Why is it important to be consistent with verbal and hand commands?FamilyPet
Why is it that one day your dog seems to be a shining example of the well-trained animal—but the next day, nothing! He seems to have stopped responding entirely.
What’s going on? Could it be that he just forgot everything you taught him?
It’s important to remember that dogs don’t learn the way we humans do. They live in the present and don’t have reasoning ability. They learn by watching, repetition, association and routine. In fact, dogs hate it when their routines are disrupted, whether it’s the feeding schedule or time for walk and play. The slightest change will throw some of them off.
What’s probably really going on is that your verbal commands and/or hand signals are not consistent. A dog will not learn a command unless it is repeated and used often– in the same exact manner, each and every time.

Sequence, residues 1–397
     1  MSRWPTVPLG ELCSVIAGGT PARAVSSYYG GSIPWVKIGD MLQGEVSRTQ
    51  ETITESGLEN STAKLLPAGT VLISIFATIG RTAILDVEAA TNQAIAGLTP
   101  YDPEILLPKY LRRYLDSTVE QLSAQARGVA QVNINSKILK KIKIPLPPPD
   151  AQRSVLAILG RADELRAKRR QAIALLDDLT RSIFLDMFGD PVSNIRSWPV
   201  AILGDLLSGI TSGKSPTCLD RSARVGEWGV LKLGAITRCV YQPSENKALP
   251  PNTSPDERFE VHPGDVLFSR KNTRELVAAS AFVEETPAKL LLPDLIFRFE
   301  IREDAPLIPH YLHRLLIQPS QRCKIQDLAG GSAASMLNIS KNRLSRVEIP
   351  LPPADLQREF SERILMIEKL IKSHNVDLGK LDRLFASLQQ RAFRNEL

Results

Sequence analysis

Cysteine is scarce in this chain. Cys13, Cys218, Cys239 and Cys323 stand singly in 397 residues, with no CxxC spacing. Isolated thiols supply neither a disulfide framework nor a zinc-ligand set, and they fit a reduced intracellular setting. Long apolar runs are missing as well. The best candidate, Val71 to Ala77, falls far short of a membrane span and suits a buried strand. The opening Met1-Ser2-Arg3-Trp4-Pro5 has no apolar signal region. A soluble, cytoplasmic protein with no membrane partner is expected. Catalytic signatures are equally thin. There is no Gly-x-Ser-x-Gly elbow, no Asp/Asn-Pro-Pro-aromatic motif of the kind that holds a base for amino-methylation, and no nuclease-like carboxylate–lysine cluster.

The minute you stop being consistent is the minute your dog will get confused—he has no idea what you want him to do— therefore, it seems as though the dog has stopped responding. He does want to please you–and especially loves that praise (and possibly a treat)—but just can’t figure out what you want.
For example, if you have been using an open palm, facing out, for the command “stay,” and suddenly you decide to switch to a different motion—no matter how subtle it may seem to you—such as facing the palm down, the dog will become very confused. This is especially true of those very smart breeds, like Border Collies. They can pick up the tiniest nuance. The same holds true for your verbal commands; if they were once short and to the point, but they suddenly became a description or narration, he will either fail to do the command properly or ignore it completely.
Therefore, when first teaching a dog a command, it is very important to be consistent, and to repeat it often, even when you think the dog has learned it very well.